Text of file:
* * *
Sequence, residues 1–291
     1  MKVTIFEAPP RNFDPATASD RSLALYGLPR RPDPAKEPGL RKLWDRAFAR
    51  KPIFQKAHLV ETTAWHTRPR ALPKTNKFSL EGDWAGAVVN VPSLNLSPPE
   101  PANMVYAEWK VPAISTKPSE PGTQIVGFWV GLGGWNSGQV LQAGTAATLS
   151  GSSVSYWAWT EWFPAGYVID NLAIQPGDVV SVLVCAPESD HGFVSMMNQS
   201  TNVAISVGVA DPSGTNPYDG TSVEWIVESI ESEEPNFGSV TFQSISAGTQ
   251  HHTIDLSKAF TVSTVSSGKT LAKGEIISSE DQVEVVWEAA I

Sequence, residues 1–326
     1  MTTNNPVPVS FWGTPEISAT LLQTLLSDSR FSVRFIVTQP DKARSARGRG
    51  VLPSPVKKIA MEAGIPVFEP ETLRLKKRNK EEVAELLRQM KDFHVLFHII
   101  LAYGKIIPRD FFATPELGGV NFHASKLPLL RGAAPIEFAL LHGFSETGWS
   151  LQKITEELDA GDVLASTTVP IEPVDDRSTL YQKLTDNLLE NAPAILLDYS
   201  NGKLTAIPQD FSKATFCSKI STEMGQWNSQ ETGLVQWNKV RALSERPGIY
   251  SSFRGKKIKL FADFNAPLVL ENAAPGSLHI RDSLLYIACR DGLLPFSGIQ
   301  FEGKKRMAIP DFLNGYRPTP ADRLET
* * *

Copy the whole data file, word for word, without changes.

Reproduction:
Sequence, residues 1–291
     1  MKVTIFEAPP RNFDPATASD RSLALYGLPR RPDPAKEPGL RKLWDRAFAR
    51  KPIFQKAHLV ETTAWHTRPR ALPKTNKFSL EGDWAGAVVN VPSLNLSPPE
   101  PANMVYAEWK VPAISTKPSE PGTQIVGFWV GLGGWNSGQV LQAGTAATLS
   151  GSSVSYWAWT EWFPAGYVID NLAIQPGDVV SVLVCAPESD HGFVSMMNQS
   201  TNVAISVGVA DPSGTNPYDG TSVEWIVESI ESEEPNFGSV TFQSISAGTQ
   251  HHTIDLSKAF TVSTVSSGKT LAKGEIISSE DQVEVVWEAA I

Sequence, residues 1–326
     1  MTTNNPVPVS FWGTPEISAT LLQTLLSDSR FSVRFIVTQP DKARSARGRG
    51  VLPSPVKKIA MEAGIPVFEP ETLRLKKRNK EEVAELLRQM KDFHVLFHII
   101  LAYGKIIPRD FFATPELGGV NFHASKLPLL RGAAPIEFAL LHGFSETGWS
   151  LQKITEELDA GDVLASTTVP IEPVDDRSTL YQKLTDNLLE NAPAILLDYS
   201  NGKLTAIPQD FSKATFCSKI STEMGQWNSQ ETGLVQWNKV RALSERPGIY
   251  SSFRGKKIKL FADFNAPLVL ENAAPGSLHI RDSLLYIACR DGLLPFSGIQ
   301  FEGKKRMAIP DFLNGYRPTP ADRLET